Jakarta – On the sidelines of the 2nd Session of the Morocco-Indonesia Joint Committee, held on Thursday and Friday in Jakarta, Indonesia reiterated its strong support for the efforts by the UN Secretary-General and his Special Envoy to reach a durable political solution to the issue of the Western Sahara.During this meeting chaired jointly by Secretary of State for Foreign Affairs Mounia Boucetta and Indonesia’s Deputy Minister of Foreign Affairs Abdurrahman Mohammad Fachir, the emphasis was laid on the development of bilateral political, economic and cultural relations, as well as technical cooperation.The two sides also shared viewpoints on a number of issues of common interest, both regionally and internationally, and expressed their firm commitment to moving ahead in fostering bilateral relations. Read Also: UN Secretary-General Guterres Meets Pompeo, Hale on Western SaharaTo this end, Morocco proposed to examine the possibilities of developing a tripartite cooperation by taking advantage of the strategic position of the Kingdom and Indonesia on their respective continents.Boucetta also congratulated the Republic of Indonesia on its election as a non-permanent member of the United Nations Security Council, noting that the Kingdom of Morocco is willing to share its experience and expertise in relation to the body
Rabat – Morocco’s Central Bureau of Judicial Investigation (BCIJ) dismantled a six-member terror cell on Thursday morning in several cities around the Casablanca area, including Mohammedia, just east of Casablanca; El Jadida, 100 kilometers west of Casablanca on the Atlantic coast; Sidi Bennour, 80 kilometers inland from El Jadida; and Marrakech.A statement from the Ministry of the Interior announced that BCIJ carried out the arrest in collaboration with the General Directorate of Territorial Surveillance (DGST).The ministry said that the six radicalized suspects were aged 27 to 40. One of the suspects had spent time in prison after police arrested him for having links with ISIS terrorists active in Libya. A preliminary investigation found the suspect had pledged allegiance to ISIS.The ministry added that the suspect was plotting terror attacks across Morocco.Police placed all suspects into custody for further investigations.Read Also: Terrorism: US Pleased Morocco Repatriated 8 Moroccans from SyriaThe operation followed the dismantling of a five-member terror cell in February in Safi, western Morocco.The suspects were aged 21-36.Morocco’s security services have arrested several alleged terrorists since the beginning of the year, including 13 in January.The head of the BCIJ, Abdelhak El Khiame, shared some statistics in December 2018 in the wake of the Imlil murders, in which two Scandinavian tourists were murdered near Mount Toubkal.Khiame estimated that 1,668 Moroccans had joined ISIS and other terror groups in Syria and other conflict zones.Last Sunday, Morocco’s Ministry of the Interior announced the repatriation of eight Moroccan fighters from Syria.The ministry described the operation as a “humanitarian” move which would allow the Moroccans to return in safety.The move pleased the US, one of Morocco’s major partners in counterterrorism.Morocco “is a highly capable partner in the Global Coalition to Defeat ISIS,” the US State Department said. Following the 2003 terror attacks in Casablanca and the 2011 attack in Marrakech, the Moroccan security services announced several approaches to deal with terrorism.One of the programs implemented by the Moroccan government is the “moussalaha” program, or reconciliation. Launched in 2018, the project aims to reintegrate prisoners charged with terrorism.The program involves human rights and anti-radicalization experts to provide psychological assistance to people convicted of terror crimes.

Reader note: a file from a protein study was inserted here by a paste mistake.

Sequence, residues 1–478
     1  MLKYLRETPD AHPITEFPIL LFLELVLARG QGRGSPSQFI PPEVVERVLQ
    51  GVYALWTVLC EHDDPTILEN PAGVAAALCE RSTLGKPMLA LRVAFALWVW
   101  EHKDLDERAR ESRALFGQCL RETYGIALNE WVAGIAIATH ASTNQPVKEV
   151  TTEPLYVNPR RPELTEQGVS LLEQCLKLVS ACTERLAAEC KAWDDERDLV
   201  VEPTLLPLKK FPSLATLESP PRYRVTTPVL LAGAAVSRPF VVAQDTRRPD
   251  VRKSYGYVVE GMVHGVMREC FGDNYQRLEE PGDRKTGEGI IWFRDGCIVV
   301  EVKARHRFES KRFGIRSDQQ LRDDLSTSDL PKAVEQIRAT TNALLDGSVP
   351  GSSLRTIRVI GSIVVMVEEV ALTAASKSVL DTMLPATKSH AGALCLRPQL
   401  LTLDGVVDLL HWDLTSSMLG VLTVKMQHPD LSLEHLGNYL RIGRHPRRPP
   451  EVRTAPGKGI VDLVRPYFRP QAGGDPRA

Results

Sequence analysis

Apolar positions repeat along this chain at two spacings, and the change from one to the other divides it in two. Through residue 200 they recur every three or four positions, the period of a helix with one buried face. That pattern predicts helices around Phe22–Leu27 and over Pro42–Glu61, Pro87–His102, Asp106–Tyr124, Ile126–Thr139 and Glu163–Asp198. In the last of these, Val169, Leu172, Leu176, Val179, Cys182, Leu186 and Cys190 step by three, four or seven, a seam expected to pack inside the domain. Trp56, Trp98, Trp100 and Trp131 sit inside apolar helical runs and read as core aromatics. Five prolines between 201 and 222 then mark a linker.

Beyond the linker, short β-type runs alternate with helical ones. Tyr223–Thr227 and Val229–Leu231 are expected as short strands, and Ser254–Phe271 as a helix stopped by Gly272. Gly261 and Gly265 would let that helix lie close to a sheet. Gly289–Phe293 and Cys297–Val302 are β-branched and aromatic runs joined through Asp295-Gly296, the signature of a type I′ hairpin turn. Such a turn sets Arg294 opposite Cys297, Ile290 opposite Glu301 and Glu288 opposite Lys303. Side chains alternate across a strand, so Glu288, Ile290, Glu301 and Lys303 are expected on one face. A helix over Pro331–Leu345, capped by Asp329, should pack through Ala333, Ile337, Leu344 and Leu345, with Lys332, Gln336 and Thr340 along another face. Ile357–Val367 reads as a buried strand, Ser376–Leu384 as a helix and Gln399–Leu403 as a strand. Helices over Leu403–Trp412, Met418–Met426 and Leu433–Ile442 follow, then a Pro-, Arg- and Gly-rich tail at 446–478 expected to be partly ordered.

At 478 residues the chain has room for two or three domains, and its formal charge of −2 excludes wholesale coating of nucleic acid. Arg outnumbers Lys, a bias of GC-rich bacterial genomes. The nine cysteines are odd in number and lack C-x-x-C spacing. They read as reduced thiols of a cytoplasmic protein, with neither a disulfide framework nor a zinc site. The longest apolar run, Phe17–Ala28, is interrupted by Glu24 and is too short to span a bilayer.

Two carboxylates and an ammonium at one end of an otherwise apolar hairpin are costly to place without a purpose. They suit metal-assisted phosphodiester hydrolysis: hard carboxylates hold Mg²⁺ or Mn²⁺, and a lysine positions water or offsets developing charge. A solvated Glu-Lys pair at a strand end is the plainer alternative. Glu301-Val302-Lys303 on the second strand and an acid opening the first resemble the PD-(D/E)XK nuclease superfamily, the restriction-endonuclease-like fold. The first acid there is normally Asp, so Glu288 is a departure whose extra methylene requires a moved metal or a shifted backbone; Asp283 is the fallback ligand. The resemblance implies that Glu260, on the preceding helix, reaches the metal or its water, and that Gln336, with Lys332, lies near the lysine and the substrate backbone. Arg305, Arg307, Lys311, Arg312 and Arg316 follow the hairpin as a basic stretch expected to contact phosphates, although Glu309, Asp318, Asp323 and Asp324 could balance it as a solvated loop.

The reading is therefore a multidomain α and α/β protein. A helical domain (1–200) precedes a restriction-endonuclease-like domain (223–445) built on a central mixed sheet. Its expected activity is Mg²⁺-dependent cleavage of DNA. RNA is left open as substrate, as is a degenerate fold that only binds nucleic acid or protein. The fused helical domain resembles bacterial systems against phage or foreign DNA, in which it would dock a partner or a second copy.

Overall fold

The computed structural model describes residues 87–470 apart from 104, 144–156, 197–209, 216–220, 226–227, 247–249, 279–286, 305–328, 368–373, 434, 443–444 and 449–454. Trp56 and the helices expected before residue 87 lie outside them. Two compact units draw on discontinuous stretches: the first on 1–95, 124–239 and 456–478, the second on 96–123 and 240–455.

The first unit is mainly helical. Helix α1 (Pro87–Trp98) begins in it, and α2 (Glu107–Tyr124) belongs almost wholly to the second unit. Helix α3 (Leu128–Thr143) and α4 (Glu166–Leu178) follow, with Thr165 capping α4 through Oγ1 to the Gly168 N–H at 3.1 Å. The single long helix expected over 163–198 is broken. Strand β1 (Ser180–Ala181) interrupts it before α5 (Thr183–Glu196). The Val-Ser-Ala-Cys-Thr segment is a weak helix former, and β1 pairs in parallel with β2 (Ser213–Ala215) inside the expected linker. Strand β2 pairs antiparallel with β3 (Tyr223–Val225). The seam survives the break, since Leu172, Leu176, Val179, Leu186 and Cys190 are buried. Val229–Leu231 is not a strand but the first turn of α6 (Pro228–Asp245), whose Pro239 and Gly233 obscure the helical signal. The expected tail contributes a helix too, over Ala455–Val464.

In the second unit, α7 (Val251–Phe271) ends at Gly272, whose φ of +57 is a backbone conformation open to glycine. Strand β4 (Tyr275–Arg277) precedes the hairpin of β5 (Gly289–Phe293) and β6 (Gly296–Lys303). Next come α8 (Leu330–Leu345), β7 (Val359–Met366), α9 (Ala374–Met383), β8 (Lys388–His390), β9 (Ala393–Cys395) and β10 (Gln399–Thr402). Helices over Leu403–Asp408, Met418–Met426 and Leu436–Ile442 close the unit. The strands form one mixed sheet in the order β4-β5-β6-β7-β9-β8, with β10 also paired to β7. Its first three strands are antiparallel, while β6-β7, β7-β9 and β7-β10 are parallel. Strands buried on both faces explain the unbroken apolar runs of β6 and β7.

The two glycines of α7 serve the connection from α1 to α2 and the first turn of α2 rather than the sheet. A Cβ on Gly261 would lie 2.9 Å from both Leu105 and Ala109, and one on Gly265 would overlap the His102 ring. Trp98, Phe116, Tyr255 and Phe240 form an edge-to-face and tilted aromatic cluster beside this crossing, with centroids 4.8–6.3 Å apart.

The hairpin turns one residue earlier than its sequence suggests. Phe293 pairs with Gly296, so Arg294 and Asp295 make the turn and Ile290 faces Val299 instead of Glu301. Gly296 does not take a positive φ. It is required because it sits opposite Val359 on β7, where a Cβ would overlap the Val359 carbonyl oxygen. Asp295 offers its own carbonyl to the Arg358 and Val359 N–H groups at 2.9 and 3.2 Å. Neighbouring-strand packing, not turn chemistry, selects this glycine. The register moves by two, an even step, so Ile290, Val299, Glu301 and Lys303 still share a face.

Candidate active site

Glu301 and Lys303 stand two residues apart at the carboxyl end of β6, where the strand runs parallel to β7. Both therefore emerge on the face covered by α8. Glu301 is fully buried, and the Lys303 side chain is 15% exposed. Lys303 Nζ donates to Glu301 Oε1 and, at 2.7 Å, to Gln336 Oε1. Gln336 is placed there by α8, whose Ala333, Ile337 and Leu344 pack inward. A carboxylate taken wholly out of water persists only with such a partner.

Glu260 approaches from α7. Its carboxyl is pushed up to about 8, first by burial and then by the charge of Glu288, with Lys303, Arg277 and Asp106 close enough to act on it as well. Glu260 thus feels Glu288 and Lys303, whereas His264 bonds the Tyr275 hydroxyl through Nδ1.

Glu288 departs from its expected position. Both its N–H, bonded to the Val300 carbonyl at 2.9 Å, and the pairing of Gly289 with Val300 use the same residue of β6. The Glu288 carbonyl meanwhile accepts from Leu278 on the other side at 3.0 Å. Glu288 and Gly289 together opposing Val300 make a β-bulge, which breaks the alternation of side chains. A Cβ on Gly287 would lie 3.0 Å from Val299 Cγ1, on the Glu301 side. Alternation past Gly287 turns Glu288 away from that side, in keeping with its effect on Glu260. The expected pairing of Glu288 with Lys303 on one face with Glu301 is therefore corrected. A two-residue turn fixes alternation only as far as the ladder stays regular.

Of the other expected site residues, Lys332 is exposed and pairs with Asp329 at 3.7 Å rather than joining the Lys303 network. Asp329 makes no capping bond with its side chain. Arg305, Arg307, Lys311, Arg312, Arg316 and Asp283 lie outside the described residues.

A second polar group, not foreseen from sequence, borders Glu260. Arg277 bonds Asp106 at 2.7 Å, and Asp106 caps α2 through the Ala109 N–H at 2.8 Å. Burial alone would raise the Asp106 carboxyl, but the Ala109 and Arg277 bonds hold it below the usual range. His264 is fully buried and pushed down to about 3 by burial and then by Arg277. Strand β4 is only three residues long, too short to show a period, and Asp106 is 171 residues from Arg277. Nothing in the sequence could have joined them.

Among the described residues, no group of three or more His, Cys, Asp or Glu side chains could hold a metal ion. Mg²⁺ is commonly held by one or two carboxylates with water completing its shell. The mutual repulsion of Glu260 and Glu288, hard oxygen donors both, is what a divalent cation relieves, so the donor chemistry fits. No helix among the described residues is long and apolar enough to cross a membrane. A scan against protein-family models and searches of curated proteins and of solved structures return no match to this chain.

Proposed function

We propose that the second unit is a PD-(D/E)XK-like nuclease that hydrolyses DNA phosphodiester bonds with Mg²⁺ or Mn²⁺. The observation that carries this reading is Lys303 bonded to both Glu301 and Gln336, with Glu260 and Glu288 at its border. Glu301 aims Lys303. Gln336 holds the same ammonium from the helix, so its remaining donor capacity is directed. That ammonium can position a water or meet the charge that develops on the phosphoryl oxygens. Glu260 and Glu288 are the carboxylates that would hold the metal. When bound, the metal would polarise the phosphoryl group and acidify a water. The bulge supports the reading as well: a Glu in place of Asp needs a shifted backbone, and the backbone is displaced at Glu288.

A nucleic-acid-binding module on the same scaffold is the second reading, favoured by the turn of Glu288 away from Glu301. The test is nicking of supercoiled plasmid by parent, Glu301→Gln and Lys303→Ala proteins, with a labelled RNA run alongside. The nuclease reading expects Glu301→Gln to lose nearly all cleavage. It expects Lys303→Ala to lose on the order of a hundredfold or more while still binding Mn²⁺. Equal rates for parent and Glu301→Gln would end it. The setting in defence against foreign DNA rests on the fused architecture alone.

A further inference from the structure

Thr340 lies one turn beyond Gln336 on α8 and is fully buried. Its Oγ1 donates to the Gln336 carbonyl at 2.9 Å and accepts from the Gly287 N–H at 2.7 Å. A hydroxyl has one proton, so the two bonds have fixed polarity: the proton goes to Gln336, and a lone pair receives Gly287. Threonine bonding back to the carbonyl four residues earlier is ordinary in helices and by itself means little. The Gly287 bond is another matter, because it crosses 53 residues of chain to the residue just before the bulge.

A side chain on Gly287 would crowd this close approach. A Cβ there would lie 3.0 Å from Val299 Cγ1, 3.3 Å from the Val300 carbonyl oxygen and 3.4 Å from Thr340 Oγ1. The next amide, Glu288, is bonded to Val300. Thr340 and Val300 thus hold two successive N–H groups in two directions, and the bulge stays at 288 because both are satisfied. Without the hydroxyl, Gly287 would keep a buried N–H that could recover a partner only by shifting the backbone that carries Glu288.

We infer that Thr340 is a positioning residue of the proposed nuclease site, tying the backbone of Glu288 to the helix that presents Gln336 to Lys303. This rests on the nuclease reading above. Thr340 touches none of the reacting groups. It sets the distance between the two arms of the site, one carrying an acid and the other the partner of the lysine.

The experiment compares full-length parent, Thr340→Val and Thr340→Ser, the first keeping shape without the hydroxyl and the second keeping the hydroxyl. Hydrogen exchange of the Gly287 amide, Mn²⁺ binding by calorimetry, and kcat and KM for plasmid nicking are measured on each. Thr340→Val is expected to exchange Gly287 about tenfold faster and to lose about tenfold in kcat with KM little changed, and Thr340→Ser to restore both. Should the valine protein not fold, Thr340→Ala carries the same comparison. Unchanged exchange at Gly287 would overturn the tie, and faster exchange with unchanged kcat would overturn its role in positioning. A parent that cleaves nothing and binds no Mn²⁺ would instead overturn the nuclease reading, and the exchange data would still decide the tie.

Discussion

An agreement to submit a commercial dispute to final and binding arbitration prevents one of the parties from appealing the decision except in the narrowest of circumstances, Ontario’s top court ruled on Tuesday.As a result, the court found, a judge was wrong to set aside an arbitrator’s award on the basis that it might have been unreasonable or even wrong.Having decided that the arbitrator was acting within the scope of the arbitration agreement, his task “was at an end,” the Appeal Court said.“It was for the arbitrator, not the court, to interpret and apply the substantive provisions of the (arbitration agreement) and it is of no moment whether the arbitrator did so reasonably or unreasonably, correctly or incorrectly,” The Appeal Court ruled. “The decision was the arbitrator’s to make.”The dispute arose in September 2016 when Alectra Utilities Corp. cancelled a financing agreement with Solar Power Network for the construction of solar-power projects in Ontario. Under a contract in which they had agreed to binding arbitration, Solar Power asked an arbitrator to award them $19.5 million in damages.Court records show the arbitrator concluded after a seven-day hearing that Alectra had in fact terminated the deal illegally, and awarded Solar Power $12.3 million for lost profits.“The arbitrator’s award was supposed to be final,” the Appeal Court noted in its ruling. “The parties chose not to establish a right of appeal on any basis from the arbitrator’s award.”Nevertheless, Alectra asked the courts to intercede under Ontario’s Arbitration Act of 1991 that allows for judicial review only if an arbitrator goes beyond what the parties had agreed to. Essentially, Alectra argued the arbitrator had gone beyond his authority in awarding damages to Solar.In August 2018, Superior Court Justice Herman Wilton-Siegel accepted Alectra’s argument and set aside the award. Wilton-Siegel found the arbitrator had not exceeded his jurisdiction but had been unreasonable in deciding he had the power to award damages.Solar Power appealed. The company maintained the courts were wrong to interfere, saying the judge was confused about the difference between a narrow look at whether the arbitrator had acted outside the arbitration agreement and a broader review of the merits of the dispute.In siding with Solar Power, the Court of Appeal cited the Arbitration Act as essentially barring appeals from private arbitration unless parties explicitly agree otherwise. In other words, the court said, arbitrators have to stick to the terms the parties agreed to.“In this case the parties — sophisticated commercial parties represented by counsel — chose not only to resolve their contractual dispute by arbitration rather than litigation, but also to preclude appeals to the court,” the Appeal Court said. “There is no ambiguity here: There is no appeal to the court, period. The arbitrator’s determination is final and binding.”The Appeal Court said the arbitrator “did exactly what he was authorized to do” under the arbitration agreement: He resolved the parties’ dispute concerning the alleged breach of their agreement and awarded damages.Colin Perkel, The Canadian Press